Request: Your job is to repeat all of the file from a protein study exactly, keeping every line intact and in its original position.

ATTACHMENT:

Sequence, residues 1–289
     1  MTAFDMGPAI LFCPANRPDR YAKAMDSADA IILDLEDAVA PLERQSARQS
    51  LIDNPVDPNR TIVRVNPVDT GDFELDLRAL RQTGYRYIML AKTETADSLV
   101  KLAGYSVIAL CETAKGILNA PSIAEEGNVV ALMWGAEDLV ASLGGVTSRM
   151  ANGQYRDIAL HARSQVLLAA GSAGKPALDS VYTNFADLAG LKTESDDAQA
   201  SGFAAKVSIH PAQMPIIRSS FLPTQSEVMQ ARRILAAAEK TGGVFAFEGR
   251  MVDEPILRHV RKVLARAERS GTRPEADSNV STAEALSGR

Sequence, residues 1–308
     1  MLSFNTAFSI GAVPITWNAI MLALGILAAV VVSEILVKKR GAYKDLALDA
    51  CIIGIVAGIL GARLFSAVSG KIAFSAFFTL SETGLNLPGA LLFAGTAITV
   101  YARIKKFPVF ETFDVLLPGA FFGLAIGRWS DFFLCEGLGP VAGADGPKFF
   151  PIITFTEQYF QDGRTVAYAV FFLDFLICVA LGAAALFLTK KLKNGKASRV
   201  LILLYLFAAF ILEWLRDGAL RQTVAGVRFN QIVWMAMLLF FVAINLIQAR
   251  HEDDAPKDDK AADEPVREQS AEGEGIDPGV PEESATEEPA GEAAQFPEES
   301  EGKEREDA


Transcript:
Sequence, residues 1–289
     1  MTAFDMGPAI LFCPANRPDR YAKAMDSADA IILDLEDAVA PLERQSARQS
    51  LIDNPVDPNR TIVRVNPVDT GDFELDLRAL RQTGYRYIML AKTETADSLV
   101  KLAGYSVIAL CETAKGILNA PSIAEEGNVV ALMWGAEDLV ASLGGVTSRM
   151  ANGQYRDIAL HARSQVLLAA GSAGKPALDS VYTNFADLAG LKTESDDAQA
   201  SGFAAKVSIH PAQMPIIRSS FLPTQSEVMQ ARRILAAAEK TGGVFAFEGR
   251  MVDEPILRHV RKVLARAERS GTRPEADSNV STAEALSGR

Sequence, residues 1–308
     1  MLSFNTAFSI GAVPITWNAI MLALGILAAV VVSEILVKKR GAYKDLALDA
    51  CIIGIVAGIL GARLFSAVSG KIAFSAFFTL SETGLNLPGA LLFAGTAITV
   101  YARIKKFPVF ETFDVLLPGA FFGLAIGRWS DFFLCEGLGP VAGADGPKFF
   151  PIITFTEQYF QDGRTVAYAV FFLDFLICVA LGAAALFLTK KLKNGKASRV
   201  LILLYLFAAF ILEWLRDGAL RQTVAGVRFN QIVWMAMLLF FVAINLIQAR
   251  HEDDAPKDDK AADEPVREQS AEGEGIDPGV PEESATEEPA GEAAQFPEES
   301  EGKEREDA